One of the most important aspects of any retinal prosthesis surgery is postoperative rehabilitation. At Moorfields Eye Hospital, a team of specialized optometrists will lead patient rehabilitation. The team will help patients to retrain their vision to recognize different types of stimulation as the objects they correspond to and to fine-tune the device with a higher number of electrodes for maximum stimulation. A second team of specialized low vision mobility experts will assist patients with adapting to their home and outdoor environments after retinal implantation surgery. This reeducation process is intensive and extremely valuable because it enables patients to appreciate the new visual world activated by the implant.

CONCLUSION

Clinical trials with the Iris II system are ongoing (www.clincialtrials.gov NCT02670980 and NCT01864486). Participating patients have reported the ability to localize objects (eg, a ball on a table), to identify whether a staircase goes up or down, to identify a car, a Ferris wheel, and even the Eiffel Tower at night. One patient remarked that, while a cane helps with what is on the ground, the system allows him to orient himself and detect obstacles.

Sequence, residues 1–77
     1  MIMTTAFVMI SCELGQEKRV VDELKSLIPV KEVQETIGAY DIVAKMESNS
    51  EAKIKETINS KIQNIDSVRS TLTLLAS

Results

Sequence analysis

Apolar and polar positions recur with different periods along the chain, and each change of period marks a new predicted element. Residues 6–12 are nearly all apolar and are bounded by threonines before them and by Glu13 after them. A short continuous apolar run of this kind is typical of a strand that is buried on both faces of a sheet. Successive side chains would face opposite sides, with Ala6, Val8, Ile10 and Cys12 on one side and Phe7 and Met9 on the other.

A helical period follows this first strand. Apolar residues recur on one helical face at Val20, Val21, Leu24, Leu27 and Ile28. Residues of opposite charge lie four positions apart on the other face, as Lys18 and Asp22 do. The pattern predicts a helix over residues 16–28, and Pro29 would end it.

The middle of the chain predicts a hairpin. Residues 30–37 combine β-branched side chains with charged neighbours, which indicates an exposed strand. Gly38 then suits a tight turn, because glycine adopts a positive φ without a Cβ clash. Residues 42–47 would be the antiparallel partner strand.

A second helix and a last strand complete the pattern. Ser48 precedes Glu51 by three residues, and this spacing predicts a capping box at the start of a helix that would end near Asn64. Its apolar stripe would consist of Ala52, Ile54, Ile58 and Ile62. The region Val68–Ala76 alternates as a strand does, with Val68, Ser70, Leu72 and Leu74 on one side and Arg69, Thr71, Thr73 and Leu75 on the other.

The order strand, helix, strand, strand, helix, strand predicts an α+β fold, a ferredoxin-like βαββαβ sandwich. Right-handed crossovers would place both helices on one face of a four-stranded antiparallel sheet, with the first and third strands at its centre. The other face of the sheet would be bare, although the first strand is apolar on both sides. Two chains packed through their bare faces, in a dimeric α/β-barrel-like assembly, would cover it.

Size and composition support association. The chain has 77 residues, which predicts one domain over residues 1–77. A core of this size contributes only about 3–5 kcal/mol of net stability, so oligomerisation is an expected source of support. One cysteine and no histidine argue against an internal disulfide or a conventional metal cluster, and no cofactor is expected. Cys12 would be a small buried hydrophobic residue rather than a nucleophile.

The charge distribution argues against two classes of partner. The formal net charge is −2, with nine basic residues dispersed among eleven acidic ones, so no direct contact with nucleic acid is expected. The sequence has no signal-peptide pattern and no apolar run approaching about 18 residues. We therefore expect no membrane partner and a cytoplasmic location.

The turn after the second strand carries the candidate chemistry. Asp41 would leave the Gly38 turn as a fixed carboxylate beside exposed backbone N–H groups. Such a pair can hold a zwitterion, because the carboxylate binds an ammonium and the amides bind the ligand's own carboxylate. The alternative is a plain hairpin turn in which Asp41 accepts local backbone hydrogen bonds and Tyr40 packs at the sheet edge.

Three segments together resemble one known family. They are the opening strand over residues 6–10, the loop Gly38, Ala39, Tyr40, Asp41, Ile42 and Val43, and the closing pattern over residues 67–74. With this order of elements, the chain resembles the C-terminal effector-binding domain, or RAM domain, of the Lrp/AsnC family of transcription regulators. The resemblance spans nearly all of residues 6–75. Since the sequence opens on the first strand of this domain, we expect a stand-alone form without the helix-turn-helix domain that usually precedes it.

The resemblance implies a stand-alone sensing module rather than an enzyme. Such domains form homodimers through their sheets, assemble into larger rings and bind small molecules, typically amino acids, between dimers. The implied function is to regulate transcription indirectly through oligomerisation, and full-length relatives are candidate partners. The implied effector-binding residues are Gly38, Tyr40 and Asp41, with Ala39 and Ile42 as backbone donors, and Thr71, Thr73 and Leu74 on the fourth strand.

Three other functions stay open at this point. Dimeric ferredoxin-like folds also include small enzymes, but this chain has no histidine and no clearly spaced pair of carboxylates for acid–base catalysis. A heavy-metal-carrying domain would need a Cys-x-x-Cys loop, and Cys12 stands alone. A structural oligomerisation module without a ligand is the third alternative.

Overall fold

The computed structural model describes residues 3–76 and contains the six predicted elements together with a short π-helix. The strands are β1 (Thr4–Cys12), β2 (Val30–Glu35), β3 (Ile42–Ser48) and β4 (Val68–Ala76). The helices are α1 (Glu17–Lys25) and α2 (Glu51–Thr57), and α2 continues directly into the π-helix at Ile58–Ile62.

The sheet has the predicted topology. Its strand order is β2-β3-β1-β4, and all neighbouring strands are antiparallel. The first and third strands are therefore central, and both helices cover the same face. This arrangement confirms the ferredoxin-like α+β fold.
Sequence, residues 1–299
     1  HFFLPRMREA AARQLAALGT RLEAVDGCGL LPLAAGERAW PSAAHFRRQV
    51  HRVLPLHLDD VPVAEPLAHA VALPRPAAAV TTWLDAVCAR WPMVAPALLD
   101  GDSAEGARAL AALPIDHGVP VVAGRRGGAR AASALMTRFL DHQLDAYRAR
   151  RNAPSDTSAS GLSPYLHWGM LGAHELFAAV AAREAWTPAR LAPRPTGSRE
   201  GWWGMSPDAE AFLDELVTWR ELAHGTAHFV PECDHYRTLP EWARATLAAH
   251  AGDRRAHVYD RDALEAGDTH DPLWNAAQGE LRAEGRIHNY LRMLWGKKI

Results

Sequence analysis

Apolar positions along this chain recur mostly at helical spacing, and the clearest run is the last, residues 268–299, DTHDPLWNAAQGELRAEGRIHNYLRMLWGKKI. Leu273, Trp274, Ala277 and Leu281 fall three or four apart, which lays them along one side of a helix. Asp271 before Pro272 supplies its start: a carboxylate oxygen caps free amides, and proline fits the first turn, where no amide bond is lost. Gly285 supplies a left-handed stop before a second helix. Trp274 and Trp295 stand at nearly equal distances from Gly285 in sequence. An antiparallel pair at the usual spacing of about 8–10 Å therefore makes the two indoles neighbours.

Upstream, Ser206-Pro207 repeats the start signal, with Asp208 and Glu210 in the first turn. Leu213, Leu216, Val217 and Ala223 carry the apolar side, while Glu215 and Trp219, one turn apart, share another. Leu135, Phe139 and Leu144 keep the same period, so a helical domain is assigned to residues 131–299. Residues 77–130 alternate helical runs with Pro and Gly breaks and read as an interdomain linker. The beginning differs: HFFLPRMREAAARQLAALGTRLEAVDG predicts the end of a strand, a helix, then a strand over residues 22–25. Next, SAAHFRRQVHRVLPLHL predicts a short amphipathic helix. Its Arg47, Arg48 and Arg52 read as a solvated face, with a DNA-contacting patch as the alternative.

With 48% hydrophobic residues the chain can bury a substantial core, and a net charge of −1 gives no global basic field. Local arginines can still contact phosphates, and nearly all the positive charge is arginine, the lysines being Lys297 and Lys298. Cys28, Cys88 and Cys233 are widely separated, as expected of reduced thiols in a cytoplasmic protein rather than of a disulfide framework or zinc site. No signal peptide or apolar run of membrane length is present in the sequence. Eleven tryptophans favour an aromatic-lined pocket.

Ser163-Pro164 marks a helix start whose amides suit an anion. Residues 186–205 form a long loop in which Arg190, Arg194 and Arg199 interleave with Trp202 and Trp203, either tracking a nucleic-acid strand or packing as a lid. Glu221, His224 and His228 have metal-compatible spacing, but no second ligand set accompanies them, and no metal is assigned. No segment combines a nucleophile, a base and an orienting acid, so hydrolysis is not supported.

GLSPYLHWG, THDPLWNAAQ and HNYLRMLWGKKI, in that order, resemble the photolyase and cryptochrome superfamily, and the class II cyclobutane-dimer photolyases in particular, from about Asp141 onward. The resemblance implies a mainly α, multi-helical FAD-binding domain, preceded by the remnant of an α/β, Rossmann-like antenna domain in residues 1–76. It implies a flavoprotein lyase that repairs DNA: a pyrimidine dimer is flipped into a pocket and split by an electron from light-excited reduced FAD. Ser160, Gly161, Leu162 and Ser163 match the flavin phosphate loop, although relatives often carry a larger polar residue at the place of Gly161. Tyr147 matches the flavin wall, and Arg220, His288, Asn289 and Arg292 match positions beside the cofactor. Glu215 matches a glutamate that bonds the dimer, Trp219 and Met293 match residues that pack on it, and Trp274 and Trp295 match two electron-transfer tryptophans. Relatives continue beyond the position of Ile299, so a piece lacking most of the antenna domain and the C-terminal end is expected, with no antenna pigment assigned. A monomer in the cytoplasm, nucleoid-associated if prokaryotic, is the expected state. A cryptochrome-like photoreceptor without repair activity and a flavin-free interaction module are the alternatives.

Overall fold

We hope the Iris II retinal implant will be able to offer patients the benefit of resolution higher than simply detecting the outlines of shapes and objects. Researchers at Moorfields are involved in the current multicenter clinical trial of the Iris II system.1 In the trial in which we are participating, patients with RP, cone-rod dystrophy, or choroideremia will receive the implant and will be followed for at least 18 months and up to 36 months. The primary outcome measure is the number of patients with treatment-related adverse events, and secondary outcome measures will include visual acuity and functional assessments such as square localization.1 A minimum of three patients will be enrolled at Moorfields for surgery in 2016, and a total of 10 patients will be enrolled for the whole trial across European centers. After 4 to 5 weeks, the implanted device will be switched on, and then the program of education and vision retraining will be initiated with our low vision specialists. Preliminary results should be available some time between 2017 and 2018.

I will be excited to follow the outcomes of this study over the coming years. This is the next step in the evolution of artificial vision implants, and the Iris II technology is heading in the right direction. In addition to the Iris II epiretinal implant, Pixium Vision is developing a subretinal miniaturized wireless photovoltaic implant platform called the Prima system to address vision loss in patients with AMD. This device has completed preclinical studies and is expected to enter the first human feasibility study in coming months. n

 

1. Compensation for Blindness With the Intelligent Retinal Implant System (IRIS V2) in Patients With Retinal Dystrophy. clinicaltrials.gov. NCT02670980. Accessed September 20, 2016.

 

Mahi Muqit, PhD, FRCOphth